By Nikola Grozdanovic
When Elton John (brilliantly portrayed by Taron Egerton, but more on that later) finds the courage to go on stage at Los Angeles’ infamous Troubadour club and sings Crocodile Rock something magical occurs. Elton starts to levitate, and the adoring, charged-up crowd levitates with him. His infectious showmanship and flamboyant pizzazz, seen for the first time outside of England, literally beats gravity. With that scene Rocketman also levitates beyond standard musical biopics and, presumably, wins over the hearts and imaginations of its audience.
It’s the most spectacular dash of magic realism in a picture that has a lot of it (perhaps a tad too much, but then again it is about Elton John) and basically makes two guarantees. First, diehard Elton John fans are going to positively adore Rocketman. Second, director Dexter Fletcher definitely did not direct Bohemian Rhapsody, which is the worst musical biopic ever filmed in comparison. (Fletcher was assigned to take over directorial duties of Rhapsody after Bryan Singer was fired, prompting a fuelled debate on who was the real director of the film. Now we know for sure.)
Rocketman pops, sizzles, dazzles and rocks all socks off in exhausting fashion thanks to the creativity of its director – clearly inspired by the sizzling pop, dazzling rock and, well, exhausting fashion style of his subject Elton Hercules John. It doesn’t always work, the concept of turning Rocketman into a literal musical makes some scenes and transitions noticeably awkward. Then again, sometimes it really does work like magic. Something that’s perfectly exemplified by the first two songs in the film: the first sees Elton breaking into song in the middle of group therapy, into a duet with his younger self (trust me, weird is good in this case) and the second sees Elton’s family members singing how they feel about love (and in this case, weird is just plain awkward). But we continue to watch, at times a bit squeamish and weirded out in our seats but mesmerised nonetheless as Fletcher, screenwriter Lee Hall and Egerton take us through Elton John’s rise to fame and fall from grace straight into rehab in 1990 (of course we all know his story has a happy ending, and the film ends on a positive high to remind us how this spectacle of a stage persona is still very much still standing and feeling like a kid).
Elton’s journey from boyhood to superstardom is one of real self-discovery and, the way the film is structured, one can see the whole film basically being one big therapy session as the story is told in flashback through the tears, sniffles and grimaces of an orange-costumed Elton in rehab. Born Reggie Dwight, and gradually inventing Elton John, we see how he becomes fast best friends with Bernie Taupin (an excellent and endearing Jamie Bell), the man behind the lyrics of most of Elton’s songs. We see his struggles and acceptance of his sexuality, how much his parents’ disdain and indifference during his childhood affected him as an adult, his first big break with manager Dick (hilarious, scene-chewing thief Stephen Graham) and his difficult relationship with John Reid (smarmy and villainous Richard Madden). Oh and, of course, lots and lots of cocaine, booze and ridiculous glasses.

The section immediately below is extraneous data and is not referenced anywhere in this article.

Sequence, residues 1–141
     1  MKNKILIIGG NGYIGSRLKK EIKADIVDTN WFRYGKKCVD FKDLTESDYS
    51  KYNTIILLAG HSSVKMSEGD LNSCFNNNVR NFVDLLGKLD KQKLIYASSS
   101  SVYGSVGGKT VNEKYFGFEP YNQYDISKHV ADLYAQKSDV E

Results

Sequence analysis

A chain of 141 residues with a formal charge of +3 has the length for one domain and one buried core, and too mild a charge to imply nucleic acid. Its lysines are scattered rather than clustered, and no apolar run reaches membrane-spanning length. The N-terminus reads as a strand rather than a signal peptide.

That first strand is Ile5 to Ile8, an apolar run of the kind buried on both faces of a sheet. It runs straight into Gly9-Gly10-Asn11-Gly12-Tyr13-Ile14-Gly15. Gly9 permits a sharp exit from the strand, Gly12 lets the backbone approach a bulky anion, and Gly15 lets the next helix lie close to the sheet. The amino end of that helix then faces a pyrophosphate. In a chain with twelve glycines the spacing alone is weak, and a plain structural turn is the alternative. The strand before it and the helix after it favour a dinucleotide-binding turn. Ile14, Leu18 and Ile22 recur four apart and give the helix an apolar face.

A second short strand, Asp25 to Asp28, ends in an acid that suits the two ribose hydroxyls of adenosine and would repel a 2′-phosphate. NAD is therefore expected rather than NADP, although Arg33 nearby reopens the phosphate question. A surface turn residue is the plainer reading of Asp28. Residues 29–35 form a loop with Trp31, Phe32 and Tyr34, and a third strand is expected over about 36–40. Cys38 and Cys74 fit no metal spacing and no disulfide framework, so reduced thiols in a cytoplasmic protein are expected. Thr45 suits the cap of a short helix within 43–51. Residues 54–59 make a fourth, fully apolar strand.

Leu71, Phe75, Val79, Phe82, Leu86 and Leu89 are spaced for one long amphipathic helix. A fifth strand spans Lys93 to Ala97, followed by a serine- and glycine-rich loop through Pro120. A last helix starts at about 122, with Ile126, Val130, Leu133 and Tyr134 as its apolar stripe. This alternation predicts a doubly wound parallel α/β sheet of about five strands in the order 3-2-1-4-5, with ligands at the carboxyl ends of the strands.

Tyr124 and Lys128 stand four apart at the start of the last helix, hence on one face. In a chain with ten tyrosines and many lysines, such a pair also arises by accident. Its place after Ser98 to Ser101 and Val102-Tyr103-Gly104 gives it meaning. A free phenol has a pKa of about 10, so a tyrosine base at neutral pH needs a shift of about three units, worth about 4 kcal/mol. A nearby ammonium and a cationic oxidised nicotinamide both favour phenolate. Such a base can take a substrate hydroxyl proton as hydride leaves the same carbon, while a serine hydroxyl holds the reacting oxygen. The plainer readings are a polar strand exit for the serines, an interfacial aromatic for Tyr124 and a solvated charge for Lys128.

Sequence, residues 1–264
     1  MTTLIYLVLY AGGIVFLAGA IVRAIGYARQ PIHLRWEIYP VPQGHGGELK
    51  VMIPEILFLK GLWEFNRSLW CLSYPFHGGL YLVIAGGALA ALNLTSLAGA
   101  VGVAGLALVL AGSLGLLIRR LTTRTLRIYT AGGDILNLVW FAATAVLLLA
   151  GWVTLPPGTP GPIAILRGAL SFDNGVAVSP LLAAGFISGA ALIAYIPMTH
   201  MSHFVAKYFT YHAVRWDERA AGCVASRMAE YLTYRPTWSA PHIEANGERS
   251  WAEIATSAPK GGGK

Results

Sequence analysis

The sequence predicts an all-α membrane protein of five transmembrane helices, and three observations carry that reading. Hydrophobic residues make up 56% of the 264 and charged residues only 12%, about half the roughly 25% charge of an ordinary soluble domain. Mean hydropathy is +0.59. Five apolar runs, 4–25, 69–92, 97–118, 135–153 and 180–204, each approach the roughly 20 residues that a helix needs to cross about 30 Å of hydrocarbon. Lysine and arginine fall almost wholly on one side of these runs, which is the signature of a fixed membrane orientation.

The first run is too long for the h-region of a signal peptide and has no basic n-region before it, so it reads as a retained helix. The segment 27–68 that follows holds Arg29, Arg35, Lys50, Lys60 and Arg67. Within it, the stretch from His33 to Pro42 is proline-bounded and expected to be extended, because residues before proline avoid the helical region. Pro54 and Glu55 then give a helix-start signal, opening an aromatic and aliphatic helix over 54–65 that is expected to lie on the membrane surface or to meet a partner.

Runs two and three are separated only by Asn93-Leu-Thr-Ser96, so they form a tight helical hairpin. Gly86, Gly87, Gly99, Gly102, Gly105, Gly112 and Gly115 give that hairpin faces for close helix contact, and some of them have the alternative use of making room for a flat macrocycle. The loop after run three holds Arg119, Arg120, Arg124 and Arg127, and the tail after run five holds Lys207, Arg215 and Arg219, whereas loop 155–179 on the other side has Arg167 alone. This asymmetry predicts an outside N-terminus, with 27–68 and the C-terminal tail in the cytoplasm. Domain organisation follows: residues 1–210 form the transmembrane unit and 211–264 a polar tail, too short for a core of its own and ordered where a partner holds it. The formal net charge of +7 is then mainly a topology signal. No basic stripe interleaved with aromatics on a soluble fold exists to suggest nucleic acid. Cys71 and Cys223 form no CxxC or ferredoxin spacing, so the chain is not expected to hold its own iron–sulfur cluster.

Those who are not diehard Elton John fans (and, being honest, I count myself in that group) will not be completely blown away by anything earth-shatteringly new here. Once the sparkles fade away, the ground stops shaking and the glitter disappears what’s left is a pretty cut-and-dry story of a man who was born a naturally gifted musician, spiraled out of control thanks to the perks that come with rock-and-roll lifestyles and brought himself back up from the brink thanks to rehab.
Not the most compelling of journeys, which is why Fletcher razzmatazz-es the hell out of Rocketman with surreal scenarios, insane costumes and unpredictable musical cues. Of course there is one other element that should keep any kind of viewer – regardless of how much they like Elton’s music – glued to the screen and that is Taron “my career will skyrocket thanks to Rocketman” Egerton.
The young star goes full out here: completely embodying Elton John, singing every song himself, showcasing an incredible range of emotion, and showing us how hilarious he can be. Backed by an excellent ensemble, his performance stands out and is worth the ticket admission alone, and – just like that Troubadour scene – will sweep you off your feet.
DIRECTED BY Dexter Fletcher
STARRING Taron Egerton, Jamie Bell, Richard Madden
UK/US 2019 121 mins